People laughed at when I started writing, but I kept working.
If you love something, do it anyway. And if you stop loving it, pray for the courage and grace to walk away.
Success is measured by joy. And nothing else matters.

Since I am an armchair traveler these days, I'll leave you with a tour of Cerney House Gardens, Gloucestershire, England.

For more private Edens, visit the Novel Bakers: Jain- ..a quiet life and Mary-Home Is Where the Boat Is.

 I'm linking to Metamorphosis Monday  and The Scoop .

Pin It

Social Bookmarking

Thursday, May 29, 2014

Foodie Friday: In and Out of the Garden with the Novel Bakers

Welcome to Foodie Friday!
I'm celebrating Garden Week (May 27 - June 1) with the Novel Bakers:
Jain at ..a quiet life

 Thursday and Friday, we're reviewing In and Out of the Garden by Sara Midda.
This morning, I posted a tablescape, along with a recipe for comforting vegetable soup.
You can find the recipe HERE.

In and Out of the Garden was published in 1981. 
Thirty-three years later, I had the pleasure of discovering it, thanks to the Novel Bakers' organizer, Jain, author of the beautiful blog, a quiet life
 This small book is very wide and deep, filled with enchanting illustrations and tips that would delight anyone who loves to dream about gardens. 

The book was an especial delight, because we'd already planted a large, wild potager. In the past, we'd had no luck raising anything in the hard, Tennessee clay; but raised beds saved elbow grease and allowed us to amend the soil.

It's a secret world.

 A place of wonder.
Look: a baby bell pepper.

A pepper-to-be.

 The seeds will eventually end up inside the pepper, which is pretty amazing--seeing nature work its way inside-out and outside-in.

A tomato-to-be.


Since our garden is in its infancy, 
I bought tomatoes at the market and made a Cheese-Ham-and Cherry Tomato Tart.

I saw a divine version on Pinterest at The tart is delicious and portable, just the thing for a picnic or potluck. You can find the recipe by clicking on the link (above). 

As a side item, I made a garden salad. Bandwidth's lettuce is huge (but not bitter).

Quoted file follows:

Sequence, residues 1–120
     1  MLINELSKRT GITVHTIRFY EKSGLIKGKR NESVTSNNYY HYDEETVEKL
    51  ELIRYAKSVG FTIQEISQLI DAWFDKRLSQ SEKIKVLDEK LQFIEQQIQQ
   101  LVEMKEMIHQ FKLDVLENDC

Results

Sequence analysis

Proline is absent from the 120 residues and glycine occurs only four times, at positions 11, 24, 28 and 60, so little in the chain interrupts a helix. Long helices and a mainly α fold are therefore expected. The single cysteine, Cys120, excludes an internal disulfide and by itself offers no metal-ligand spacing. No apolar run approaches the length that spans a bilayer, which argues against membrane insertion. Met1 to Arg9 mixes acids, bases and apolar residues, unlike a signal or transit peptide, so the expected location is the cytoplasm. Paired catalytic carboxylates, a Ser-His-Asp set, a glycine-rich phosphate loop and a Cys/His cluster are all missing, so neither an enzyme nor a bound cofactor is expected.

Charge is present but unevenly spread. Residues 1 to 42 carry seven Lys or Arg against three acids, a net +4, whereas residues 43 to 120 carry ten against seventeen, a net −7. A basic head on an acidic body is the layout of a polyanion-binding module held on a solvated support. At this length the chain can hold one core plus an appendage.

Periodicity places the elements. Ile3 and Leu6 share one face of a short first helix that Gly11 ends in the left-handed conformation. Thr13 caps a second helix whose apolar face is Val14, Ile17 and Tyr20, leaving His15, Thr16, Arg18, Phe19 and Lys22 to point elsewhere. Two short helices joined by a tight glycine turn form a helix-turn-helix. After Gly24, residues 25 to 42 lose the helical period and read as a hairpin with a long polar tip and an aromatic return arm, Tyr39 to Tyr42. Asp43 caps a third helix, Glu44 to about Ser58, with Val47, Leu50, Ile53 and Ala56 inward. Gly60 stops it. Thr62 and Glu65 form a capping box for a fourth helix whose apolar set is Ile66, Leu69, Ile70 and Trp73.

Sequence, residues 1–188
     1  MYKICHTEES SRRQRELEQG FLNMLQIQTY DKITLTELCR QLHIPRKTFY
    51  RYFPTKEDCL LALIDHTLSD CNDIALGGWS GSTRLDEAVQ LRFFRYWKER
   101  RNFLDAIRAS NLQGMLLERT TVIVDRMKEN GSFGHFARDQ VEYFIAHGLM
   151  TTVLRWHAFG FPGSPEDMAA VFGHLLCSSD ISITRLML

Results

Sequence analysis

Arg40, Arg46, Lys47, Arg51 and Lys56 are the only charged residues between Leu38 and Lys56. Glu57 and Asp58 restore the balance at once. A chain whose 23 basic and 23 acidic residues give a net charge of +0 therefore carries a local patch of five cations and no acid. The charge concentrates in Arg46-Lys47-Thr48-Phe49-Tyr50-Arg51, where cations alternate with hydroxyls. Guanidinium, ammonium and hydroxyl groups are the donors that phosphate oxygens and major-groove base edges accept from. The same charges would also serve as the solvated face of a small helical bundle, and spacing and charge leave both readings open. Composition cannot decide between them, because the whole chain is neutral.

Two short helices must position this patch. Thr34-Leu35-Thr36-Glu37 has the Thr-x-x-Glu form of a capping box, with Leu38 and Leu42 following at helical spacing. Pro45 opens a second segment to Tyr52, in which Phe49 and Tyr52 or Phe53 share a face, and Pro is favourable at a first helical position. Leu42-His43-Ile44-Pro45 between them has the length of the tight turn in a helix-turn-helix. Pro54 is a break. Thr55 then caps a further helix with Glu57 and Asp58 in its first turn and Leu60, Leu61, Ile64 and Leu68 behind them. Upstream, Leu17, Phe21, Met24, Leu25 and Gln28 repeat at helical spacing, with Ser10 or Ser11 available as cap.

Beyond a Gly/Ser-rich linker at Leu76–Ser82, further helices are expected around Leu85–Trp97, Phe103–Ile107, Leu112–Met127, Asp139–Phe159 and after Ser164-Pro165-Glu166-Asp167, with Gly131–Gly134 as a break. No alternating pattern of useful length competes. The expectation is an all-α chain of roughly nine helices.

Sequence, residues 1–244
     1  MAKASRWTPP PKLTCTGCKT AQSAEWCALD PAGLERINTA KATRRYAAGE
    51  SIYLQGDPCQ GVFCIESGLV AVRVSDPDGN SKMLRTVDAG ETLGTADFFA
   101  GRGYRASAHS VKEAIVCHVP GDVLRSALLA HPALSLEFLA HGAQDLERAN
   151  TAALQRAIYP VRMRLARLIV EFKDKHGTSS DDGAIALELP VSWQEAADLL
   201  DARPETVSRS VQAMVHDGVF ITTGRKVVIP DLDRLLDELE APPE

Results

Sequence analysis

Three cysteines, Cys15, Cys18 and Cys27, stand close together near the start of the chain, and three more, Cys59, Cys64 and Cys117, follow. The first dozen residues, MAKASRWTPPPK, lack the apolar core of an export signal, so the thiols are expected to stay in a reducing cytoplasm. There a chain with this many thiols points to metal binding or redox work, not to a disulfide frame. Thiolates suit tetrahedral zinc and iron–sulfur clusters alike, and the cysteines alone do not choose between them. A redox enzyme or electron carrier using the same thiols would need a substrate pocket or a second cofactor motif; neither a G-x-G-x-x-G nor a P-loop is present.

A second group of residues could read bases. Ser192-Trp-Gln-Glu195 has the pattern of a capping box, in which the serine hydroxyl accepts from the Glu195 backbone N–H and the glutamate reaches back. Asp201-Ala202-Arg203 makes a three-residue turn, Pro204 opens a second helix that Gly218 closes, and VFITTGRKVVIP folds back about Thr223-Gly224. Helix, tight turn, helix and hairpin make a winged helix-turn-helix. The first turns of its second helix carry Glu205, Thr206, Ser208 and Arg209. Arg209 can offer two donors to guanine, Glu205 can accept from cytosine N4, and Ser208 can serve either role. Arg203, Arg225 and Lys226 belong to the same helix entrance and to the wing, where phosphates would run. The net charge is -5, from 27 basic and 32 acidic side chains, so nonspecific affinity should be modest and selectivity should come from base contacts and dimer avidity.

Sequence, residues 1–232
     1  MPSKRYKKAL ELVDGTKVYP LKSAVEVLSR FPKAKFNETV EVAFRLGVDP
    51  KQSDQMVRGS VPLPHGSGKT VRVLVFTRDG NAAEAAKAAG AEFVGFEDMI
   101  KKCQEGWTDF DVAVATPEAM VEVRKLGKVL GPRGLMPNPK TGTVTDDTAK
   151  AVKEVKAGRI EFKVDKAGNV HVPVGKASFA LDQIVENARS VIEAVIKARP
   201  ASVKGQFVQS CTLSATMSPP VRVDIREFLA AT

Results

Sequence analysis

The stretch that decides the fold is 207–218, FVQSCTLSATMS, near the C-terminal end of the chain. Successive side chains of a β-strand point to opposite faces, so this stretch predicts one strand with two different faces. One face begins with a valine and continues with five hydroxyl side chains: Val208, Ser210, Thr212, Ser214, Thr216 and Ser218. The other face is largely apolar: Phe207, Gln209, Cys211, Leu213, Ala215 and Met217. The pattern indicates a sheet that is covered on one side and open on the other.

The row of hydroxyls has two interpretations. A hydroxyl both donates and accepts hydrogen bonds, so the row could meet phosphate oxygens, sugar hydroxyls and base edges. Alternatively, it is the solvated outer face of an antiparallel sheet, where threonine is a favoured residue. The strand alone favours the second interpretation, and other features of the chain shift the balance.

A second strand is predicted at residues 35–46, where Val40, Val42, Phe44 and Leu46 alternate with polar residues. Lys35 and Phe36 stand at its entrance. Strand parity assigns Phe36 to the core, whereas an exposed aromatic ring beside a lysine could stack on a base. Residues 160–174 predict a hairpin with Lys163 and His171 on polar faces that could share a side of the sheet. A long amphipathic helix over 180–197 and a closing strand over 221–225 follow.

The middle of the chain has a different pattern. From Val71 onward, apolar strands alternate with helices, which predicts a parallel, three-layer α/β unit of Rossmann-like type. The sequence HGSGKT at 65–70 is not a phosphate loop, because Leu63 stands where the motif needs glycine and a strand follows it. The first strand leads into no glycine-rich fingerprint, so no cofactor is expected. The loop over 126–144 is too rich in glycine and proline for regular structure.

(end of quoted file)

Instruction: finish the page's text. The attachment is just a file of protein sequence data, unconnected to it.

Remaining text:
Won't you join me for lunch at the edge of the shade garden?

 I added bacon, homemade croutons, and seasoned pecans.  

Don't Miss a Single Day with the Novel Bakers
Come along with me and visit Jain and Mary. 


An Invitation to the Garden with tablescapes for every season with  Jain ... a quiet life


In and Out of the Garden- ..a quiet life

In and Out of the Garden- Home Is Where the Boat Is

In and Out of the Garden- Rattlebridge Farm


In and Out of the Garden with Jain- ..a quiet life

In and Out of the Garden with Mary-Home Is Where the Boat Is

In and Out of the Garden- Foodie Friday at Rattlebridge.

Saturday and Sunday, the Novel Bakers will take you on a tour of Private Edens.


Are you familiar with the MYSTERY INGREDIENT CLUB?
Here's how it works: A secret ingredient is assigned to members, and they incorporate it into a recipe (sweet or savory). 

The next club meeting will be held Monday, June 2, 2014. Email me by Saturday at midnight if you'd like to cook with us; or stop at any participating blog to see the mystery ingredient.
**This isn't a weekly meme. The MIC meetings happen mysteriously!


Are you contributing a recipe to this week's Foodie Friday?
 If so, locate the blue Inlinkz icon in the lower, left-hand portion of this post. Click on the icon and follow the directions. After you complete the process, you will see a red "x" beside your name. This allows you to delete your link if you made an error; the red "x" is visible to you only.
You can read a complete guide to this linky party HERE.
If you'd like to share your food photos--or photos of other FF participants on Pinterest, join the Pinterest foodie board, Consuming Passions. Leave a message on the most recent "pin" if you'd like your name added to the list.

Every Friday, we are joined at this big, virtual table--thank you for stopping by today. I'm grateful to all of you who spend your days cooking. I'm grateful to old and new friends who contribute recipes every week. I'm grateful to friends who leave a comment. I'm grateful for the silent folks, because you are brought here by your love of all things culinary.

We are food people. And that's a marvelous thing.

The Foodie Friday Link-Up

Have a fun, food-filled weekend!

Pin It

Social Bookmarking